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Smokers Counseled by Doctors Will Quit Smoking!

by Hannah Punitha on  May 1, 2008 at 3:51 PM Research News   - G J E 4
Smokers Counseled by Doctors Will Quit Smoking!
Just a few minutes of convincing talk with patients willing to quit smoking, can help doctors encourage them to kick the butt, say researchers.
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The review led by Lindsay Stead, of the University of Oxford in England involved 41 studies of more than 31,000 smokers. It revealed that doctors who take a few minutes to talk with patients about their smoking or maybe passing along a leaflet or a sample of nicotine gum can help them quit successfully.

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"Assuming an unassisted quit rate of 2 to 3 percent, a brief advice intervention can increase quitting by a further 1 to 3 percent," wrote reviewers.

The investigators examined the studies conducted between 1972 and 2007. and pooled data from 17 trials.

They found that a brief advice compared to no advice can significantly increase the quit rate among the group that got some kind of counsel from a physician.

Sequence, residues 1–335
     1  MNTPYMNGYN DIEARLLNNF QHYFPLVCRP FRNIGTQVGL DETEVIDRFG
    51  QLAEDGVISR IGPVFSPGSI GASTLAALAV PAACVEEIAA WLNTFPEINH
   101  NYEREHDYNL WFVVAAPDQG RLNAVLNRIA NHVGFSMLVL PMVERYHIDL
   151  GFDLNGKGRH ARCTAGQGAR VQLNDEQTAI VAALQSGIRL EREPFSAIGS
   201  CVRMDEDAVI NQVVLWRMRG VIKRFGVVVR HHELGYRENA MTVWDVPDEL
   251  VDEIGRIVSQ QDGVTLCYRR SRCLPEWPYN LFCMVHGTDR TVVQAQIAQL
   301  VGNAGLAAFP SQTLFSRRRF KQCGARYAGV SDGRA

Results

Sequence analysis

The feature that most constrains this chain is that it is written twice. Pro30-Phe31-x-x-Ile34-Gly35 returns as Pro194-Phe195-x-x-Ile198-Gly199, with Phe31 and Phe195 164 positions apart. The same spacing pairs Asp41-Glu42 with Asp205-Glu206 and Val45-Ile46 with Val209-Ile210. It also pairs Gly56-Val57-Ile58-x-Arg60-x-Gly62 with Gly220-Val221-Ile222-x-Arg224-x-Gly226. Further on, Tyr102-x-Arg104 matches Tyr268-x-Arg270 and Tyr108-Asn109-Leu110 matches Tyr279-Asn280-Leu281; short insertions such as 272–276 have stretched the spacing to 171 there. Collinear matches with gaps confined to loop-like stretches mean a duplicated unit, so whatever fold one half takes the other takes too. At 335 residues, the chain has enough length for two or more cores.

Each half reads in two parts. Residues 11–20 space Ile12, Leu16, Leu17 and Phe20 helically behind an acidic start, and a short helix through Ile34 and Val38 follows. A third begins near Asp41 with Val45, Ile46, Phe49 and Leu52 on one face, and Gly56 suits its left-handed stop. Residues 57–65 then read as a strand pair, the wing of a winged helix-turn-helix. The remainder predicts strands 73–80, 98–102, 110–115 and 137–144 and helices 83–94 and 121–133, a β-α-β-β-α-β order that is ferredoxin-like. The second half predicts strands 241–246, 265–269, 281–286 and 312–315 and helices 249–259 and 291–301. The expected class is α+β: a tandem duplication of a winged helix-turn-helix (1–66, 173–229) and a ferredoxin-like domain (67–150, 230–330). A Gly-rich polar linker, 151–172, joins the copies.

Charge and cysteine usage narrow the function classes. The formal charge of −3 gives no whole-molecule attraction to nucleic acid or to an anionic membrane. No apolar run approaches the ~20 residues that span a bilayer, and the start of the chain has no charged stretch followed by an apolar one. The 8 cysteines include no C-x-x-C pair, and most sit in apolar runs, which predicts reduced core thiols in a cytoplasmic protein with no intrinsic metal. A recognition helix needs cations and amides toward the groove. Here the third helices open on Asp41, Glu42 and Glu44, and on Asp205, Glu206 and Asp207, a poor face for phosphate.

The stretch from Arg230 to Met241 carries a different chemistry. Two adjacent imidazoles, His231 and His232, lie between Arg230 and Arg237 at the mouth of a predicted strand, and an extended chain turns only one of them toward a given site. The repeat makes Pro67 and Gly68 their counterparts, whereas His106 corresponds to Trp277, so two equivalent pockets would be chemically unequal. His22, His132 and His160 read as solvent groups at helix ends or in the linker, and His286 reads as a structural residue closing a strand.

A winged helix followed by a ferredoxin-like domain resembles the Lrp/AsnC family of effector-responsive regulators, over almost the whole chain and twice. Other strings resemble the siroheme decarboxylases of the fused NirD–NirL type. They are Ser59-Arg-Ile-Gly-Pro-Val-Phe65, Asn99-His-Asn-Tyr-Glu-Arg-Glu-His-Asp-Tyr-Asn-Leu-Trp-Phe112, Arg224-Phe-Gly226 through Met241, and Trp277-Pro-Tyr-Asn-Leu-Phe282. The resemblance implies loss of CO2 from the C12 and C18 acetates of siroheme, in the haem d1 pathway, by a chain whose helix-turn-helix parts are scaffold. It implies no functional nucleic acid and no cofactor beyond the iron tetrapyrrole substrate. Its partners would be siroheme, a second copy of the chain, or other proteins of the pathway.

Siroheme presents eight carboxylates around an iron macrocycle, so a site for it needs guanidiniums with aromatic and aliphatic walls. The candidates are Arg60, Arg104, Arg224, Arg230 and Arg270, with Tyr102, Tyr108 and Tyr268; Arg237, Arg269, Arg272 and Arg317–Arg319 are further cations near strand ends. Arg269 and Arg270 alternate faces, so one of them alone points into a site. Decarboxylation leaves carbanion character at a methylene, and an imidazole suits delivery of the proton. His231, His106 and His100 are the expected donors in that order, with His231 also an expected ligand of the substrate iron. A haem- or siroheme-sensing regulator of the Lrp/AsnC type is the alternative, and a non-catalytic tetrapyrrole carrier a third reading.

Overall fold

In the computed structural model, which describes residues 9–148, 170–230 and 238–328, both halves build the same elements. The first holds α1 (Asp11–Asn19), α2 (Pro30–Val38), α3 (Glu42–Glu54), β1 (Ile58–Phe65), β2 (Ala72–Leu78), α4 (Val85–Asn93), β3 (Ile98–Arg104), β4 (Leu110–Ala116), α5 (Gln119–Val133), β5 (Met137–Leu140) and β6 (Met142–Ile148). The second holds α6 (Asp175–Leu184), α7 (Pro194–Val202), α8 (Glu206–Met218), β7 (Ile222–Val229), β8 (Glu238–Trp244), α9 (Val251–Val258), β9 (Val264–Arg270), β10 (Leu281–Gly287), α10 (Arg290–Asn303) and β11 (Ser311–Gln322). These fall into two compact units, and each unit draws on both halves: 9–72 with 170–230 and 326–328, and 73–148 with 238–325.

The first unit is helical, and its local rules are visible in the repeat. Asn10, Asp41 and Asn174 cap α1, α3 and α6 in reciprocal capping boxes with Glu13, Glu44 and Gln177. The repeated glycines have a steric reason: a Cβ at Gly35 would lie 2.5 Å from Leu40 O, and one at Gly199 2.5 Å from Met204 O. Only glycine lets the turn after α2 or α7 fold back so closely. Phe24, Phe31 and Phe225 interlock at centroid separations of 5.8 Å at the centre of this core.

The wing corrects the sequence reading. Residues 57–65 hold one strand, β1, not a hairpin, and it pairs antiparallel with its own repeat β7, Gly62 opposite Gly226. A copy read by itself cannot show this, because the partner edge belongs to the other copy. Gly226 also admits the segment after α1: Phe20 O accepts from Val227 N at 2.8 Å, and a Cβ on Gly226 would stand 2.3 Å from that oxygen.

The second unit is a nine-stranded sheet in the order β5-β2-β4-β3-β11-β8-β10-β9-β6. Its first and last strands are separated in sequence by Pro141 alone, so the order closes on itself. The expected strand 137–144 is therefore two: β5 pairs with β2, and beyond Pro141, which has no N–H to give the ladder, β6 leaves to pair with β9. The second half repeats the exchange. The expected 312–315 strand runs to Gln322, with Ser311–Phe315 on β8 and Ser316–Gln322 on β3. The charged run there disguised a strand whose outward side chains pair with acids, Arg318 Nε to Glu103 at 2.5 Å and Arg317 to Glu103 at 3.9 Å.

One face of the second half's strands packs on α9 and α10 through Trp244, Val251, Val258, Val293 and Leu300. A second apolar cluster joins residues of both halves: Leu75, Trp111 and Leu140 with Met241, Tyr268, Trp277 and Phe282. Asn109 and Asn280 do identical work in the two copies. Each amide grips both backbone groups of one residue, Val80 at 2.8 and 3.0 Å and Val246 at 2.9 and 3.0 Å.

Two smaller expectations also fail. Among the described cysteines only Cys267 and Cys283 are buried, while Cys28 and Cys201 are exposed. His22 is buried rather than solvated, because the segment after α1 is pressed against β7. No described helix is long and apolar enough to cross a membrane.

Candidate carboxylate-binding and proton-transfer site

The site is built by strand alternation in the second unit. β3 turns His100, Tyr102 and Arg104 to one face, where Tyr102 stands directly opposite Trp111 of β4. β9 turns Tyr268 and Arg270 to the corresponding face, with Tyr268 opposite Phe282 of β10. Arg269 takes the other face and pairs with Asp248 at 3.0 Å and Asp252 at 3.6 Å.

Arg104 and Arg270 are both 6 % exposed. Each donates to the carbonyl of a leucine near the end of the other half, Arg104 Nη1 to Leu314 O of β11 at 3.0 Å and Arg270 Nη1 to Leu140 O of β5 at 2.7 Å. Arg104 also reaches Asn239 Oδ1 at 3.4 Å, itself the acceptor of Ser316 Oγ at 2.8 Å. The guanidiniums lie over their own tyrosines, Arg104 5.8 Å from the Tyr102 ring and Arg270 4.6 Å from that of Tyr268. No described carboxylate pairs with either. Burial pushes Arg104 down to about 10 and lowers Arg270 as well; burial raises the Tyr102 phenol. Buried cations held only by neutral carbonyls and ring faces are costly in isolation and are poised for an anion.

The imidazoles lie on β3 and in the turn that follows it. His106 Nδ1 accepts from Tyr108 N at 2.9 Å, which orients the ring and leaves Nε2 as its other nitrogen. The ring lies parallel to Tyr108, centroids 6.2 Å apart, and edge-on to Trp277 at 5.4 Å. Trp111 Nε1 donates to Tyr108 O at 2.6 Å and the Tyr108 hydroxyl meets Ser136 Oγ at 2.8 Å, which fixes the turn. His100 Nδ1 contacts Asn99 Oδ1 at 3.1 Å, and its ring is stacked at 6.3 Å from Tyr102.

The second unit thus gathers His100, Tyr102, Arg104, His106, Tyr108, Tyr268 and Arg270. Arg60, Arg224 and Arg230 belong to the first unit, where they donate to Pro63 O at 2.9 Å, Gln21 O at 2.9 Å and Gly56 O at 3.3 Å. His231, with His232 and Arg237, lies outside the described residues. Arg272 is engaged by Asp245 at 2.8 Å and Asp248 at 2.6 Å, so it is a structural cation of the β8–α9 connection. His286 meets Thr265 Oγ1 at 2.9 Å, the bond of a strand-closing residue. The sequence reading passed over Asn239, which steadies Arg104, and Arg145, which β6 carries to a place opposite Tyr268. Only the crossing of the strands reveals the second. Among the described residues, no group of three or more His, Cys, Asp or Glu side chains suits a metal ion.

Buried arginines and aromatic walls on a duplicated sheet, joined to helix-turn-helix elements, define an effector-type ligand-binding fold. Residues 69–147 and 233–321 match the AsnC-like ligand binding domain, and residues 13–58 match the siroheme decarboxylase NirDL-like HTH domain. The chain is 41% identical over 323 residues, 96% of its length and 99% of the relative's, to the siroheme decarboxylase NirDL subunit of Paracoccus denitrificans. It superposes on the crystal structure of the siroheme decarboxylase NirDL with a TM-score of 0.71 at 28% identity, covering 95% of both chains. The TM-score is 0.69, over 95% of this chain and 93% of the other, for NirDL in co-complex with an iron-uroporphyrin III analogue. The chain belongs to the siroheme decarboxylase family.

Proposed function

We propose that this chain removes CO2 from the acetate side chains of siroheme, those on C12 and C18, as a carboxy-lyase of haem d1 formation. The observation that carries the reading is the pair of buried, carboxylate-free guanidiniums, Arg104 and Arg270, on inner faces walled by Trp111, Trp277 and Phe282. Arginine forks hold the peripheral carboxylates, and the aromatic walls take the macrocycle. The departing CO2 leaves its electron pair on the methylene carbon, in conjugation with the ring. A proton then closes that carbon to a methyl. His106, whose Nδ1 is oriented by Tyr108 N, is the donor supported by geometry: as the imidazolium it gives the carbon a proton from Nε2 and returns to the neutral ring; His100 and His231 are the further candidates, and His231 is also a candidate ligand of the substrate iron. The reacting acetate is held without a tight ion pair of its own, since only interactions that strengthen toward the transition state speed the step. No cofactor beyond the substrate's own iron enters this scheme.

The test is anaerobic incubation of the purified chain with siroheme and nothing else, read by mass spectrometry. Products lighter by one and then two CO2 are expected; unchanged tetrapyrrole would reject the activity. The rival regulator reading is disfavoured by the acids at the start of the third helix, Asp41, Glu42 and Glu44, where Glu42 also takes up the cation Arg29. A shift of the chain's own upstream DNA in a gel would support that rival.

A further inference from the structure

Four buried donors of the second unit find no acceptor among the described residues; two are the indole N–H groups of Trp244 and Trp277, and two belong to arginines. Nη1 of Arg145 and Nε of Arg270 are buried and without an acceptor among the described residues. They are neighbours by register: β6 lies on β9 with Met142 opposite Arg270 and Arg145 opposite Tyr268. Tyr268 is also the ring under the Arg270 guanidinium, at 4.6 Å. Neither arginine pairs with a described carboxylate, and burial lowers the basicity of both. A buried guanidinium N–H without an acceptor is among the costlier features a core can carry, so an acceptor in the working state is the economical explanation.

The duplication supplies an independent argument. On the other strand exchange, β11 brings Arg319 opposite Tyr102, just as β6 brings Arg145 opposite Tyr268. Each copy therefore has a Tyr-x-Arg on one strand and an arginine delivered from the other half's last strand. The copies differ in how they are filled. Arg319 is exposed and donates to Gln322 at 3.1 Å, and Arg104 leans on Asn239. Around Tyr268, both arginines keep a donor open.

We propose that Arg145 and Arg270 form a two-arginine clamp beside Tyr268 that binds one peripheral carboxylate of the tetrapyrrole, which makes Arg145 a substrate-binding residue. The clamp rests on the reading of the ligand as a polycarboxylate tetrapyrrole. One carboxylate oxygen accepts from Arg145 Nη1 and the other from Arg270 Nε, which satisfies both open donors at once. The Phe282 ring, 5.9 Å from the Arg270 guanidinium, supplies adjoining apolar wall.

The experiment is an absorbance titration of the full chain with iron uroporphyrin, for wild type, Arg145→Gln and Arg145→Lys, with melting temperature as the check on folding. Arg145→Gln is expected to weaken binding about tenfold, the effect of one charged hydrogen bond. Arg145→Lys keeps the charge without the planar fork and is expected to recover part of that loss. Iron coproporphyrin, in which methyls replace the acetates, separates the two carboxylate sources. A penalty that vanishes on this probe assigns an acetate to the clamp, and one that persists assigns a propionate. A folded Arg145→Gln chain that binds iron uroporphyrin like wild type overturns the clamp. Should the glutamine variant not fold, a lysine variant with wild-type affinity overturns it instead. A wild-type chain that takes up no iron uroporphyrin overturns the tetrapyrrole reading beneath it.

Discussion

"Cessation interventions are typically highly cost-effective, so even a very small improvement in effect from intensifying the intervention could well be cost-effective," said Stead.

The majority of smokers require not one, but several quit attempts, to stop smoking for good.

Abigail Halperin, a physician-researcher specializing in prevention and treatment of tobacco-related diseases at the University of Washington recommended that if even half of the patients are advised by their doctors to quit smoking a generous estimate would quit.

"This would have a huge impact on public health, since tobacco-related diseases are by far the nation's largest contributor to disability and premature death - not to mention health care costs," she said.

"In the two programs where I work, we assist patients in developing a quit plan, provide practical counseling, and prescribe nicotine replacement therapy or other medication to ameliorate withdrawal symptoms, and are seeing 25- to 35-percent quit rates," she said.

The study appears in the latest issue of The Cochrane Library, a publication of The Cochrane Collaboration.

Source: ANI
SPH /B
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